Ash

On sunny winter mornings like this, the snowy hills seem to shimmer in the pure white light. The small flakes dance over each other, letting the wind form soft waves in the once smooth ground.

I take a long, slow sip of coffee, letting the bitter liquid trickle down my throat and warm my shivering body.

The grandfather clock chimes loudly in the hallway, announcing the start of a new hour. It’s haunting call combined with the caffeine pushes sleep from my mind.

My eyes trace the faded horizon, searching the world she deserted. The white-capped mountains provide no solace for my aching loneliness.

It’s been three months yet I still listen for her voice on the other end of the phone. My ears search for her soft breathing mingling with mine in the quiet nights. My eyes long for her smile, soft and sweet, wordlessly communicating every secret in the word to me alone.

My heart continues to beat despite the silence of hers. Its rhythmic thumps echo through the house, bouncing off the walls in search of the other drummer.

The chair across from me sits cold and empty, shivering without her warmth. Her grey sweater remains draped across that chair where she had left it, collecting dust. Her place mat is empty, no longer requiring dishes or silverware. There’s nobody left to sit there anymore.

The ticking of the grandfather clock grows louder and louder, beating its way into my eardrums. It rattles in my head, suffocating my thoughts. Tick tock tick tock tick tock; an endless pattern.

Back and forth back and forth she would rock when she was anxious. She’d stand across from me, rocking back and forth on her heels after asking a question; waiting for my answer.

The air thickens. Dust. Pollution. The stench of black coffee. The mixture coats my lungs, closing in.

I stand, letting my chair fall away behind me. The sound it might’ve made as it hit the ground is drowned by the ticking of the grandfather clock.

Tick tock tick tock.

I walk to the door.

Tick tock tick tock.

Grab my coat.

Tick tock tick tock.

Shoes.

Tick tock tick tock.

The screech of rusty door hinges.

Tick tock tick tock.

The loud bang of the door slamming shut.

Silence.

Cold, bright silence.

The cement porch beneath my feet. The sun above my head. The frigid wind nipping at my coat. Snowflakes crashing into my pants. Thin pinpricks of ice stabbing my hands.

My mind is silent. I cannot conjure a single thought to keep me company. Only her face, appearing before my eyes in the blizzard. Her small smile dancing in the wind. Her emerald eyes gazing into mine.

She steps down from the porch steps, wearing the short dress with the sunflower pattern across the bodice and the blue, ruffled bottom.

I follow.

She prances through the snow, carefree and happy. Her feet float over the mounds of flakes, never even grazing the surface.

Mine sink straight through.

She heads toward the shed.

I follow, reaching out to touch her, to confirm the reality of her appearance.

She remains one step ahead, disappearing through the flimsy, uninsulated oak door. My eyes long for her to return.

My fingers make contact with the rough, sanded surface and I stumble into the small room. My eyes search the dim space, longing for even just a glimpse of her silver hair.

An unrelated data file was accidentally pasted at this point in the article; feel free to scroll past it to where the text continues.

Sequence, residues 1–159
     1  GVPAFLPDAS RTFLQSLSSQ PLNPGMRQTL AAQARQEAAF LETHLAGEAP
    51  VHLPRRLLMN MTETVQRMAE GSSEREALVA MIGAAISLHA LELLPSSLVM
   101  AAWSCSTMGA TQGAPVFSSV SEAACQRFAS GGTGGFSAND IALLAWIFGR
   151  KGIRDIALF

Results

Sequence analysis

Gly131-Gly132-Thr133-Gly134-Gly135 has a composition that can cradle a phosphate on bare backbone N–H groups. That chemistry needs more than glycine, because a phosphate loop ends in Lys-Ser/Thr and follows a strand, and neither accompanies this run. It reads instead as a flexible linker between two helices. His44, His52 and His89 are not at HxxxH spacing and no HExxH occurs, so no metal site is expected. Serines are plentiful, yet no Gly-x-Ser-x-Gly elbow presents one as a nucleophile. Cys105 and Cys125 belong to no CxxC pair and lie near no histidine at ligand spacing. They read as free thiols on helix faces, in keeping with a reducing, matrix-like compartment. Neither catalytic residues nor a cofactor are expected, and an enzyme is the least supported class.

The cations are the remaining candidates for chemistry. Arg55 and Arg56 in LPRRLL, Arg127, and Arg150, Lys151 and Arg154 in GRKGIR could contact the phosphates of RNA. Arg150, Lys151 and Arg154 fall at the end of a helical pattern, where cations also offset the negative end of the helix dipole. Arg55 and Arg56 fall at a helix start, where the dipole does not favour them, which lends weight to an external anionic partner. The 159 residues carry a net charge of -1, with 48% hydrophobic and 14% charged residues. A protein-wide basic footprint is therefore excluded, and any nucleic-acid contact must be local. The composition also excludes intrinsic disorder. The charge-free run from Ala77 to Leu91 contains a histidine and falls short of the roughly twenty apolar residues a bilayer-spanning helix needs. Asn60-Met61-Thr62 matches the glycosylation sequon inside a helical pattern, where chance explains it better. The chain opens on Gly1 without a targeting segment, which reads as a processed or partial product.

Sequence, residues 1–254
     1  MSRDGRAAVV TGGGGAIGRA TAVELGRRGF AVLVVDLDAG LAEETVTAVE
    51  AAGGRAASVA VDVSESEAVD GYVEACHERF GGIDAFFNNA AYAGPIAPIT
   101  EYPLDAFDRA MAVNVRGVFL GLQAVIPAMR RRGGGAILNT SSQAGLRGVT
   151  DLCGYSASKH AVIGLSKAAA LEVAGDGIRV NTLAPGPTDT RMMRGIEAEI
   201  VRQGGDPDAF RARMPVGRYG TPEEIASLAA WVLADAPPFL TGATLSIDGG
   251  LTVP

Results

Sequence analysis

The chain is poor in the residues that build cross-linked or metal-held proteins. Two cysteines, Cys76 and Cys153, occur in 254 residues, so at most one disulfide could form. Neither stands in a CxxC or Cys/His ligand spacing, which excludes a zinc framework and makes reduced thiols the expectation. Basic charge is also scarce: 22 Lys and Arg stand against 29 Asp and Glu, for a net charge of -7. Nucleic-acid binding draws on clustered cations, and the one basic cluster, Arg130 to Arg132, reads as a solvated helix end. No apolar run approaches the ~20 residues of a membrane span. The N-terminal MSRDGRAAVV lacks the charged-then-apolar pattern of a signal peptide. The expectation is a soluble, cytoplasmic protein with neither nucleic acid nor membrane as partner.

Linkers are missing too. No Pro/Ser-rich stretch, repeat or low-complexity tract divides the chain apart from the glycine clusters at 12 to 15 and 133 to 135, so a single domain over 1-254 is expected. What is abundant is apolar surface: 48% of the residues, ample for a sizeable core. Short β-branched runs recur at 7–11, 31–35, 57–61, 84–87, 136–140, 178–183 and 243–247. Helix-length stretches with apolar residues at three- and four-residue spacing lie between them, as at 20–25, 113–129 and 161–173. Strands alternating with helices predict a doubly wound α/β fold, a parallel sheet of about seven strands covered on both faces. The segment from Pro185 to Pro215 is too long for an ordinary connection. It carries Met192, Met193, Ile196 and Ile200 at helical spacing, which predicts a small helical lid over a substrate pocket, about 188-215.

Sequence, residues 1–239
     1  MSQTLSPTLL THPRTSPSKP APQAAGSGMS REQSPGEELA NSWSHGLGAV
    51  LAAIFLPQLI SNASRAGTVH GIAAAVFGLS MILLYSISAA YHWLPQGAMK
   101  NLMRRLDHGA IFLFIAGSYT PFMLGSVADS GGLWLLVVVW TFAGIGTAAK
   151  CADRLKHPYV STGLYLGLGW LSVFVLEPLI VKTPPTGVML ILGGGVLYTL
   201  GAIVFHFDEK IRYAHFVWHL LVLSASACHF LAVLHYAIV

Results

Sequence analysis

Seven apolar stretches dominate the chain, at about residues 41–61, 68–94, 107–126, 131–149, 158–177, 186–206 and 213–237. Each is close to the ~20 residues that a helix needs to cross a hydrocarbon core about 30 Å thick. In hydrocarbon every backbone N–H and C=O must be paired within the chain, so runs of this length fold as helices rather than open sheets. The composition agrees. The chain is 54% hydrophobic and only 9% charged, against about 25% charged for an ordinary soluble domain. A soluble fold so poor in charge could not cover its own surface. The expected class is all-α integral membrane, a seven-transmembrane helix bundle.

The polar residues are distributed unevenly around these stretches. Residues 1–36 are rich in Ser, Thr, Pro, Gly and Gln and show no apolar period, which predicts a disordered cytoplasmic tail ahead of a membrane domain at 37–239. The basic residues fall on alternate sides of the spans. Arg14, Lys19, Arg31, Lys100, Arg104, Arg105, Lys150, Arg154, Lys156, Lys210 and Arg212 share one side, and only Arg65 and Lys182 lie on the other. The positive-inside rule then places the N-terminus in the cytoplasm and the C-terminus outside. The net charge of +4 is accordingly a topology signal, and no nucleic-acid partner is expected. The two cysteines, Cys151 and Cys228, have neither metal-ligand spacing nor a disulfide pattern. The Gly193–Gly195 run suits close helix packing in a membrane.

The empty worktables stare back at me, littered with tools and unfinished projects. The birdhouse we had begun sits in front of me, an incomplete box with no lid.

I reach out to touch it, placing my hand where hers had once been and waiting for the tears to come.

They never do. My eyes remain dry and tired, burning in their sockets with the fire my sorrow created.

I begin to turn away when I hear a small, almost inaudible meow. It’s a broken croaking mew, coming from inside the box.

My feet move on their own, taking me closer to the sound.

I peer into the box, my old eyes squinting in the dim light.

A pair of eyes, green as summer grass, gaze back at me. The left one is almost closed yet fixed upon me.

The grey bundle of fur croaks again, shivering against the confines of the flimsy maple box.

My hands reach into the small container, picking up the precious bundle. They bring it close to my chest, transferring heat into the cold little body.

My feet turn around and exit the shed, leaving the doors wide open. They run through the snow, nearly stumbling as they sprint up the cement steps and crash through the door. They take me and the bundle to the couch where I collapse, out of breath.

Sitting up, I pull my hands away from myself and peek into them. The small critter is hardly larger than my palms. It nestles its head into my fingers as a soft purr escapes its throat.

I hadn’t realized I was holding my breath until I let it out in one long, slow sigh.

The cat looks up at me now through one eye. Its small grey ears twitch as it turns away to give its knotted fur a few licks. It faces me again and releases a small croak before leaping off my lap, landing gracefully on the carpeted floor.

Its bushy tail flicks, telling me to follow it.

I get up.

The cat walks to my chair.

I follow.

It sits.

I stop.

It croaks, blinking its good eye, then paces around the chair before looking at me again.

I sit down.

The cat rubs its head against my legs, releasing a loud purr, before walking away. It soundlessly leaps onto the rickety chair across from me.

Her emerald eyes gaze at me steadily, a small smile plays on the corners of her lips as she rocks back and forth, purring softly.

For the first time in three months, I smile back, tears rolling down my face, and reply:

“Welcome home, Ash.”

 

A/N: A dedication to a dear friend. See you all next week!

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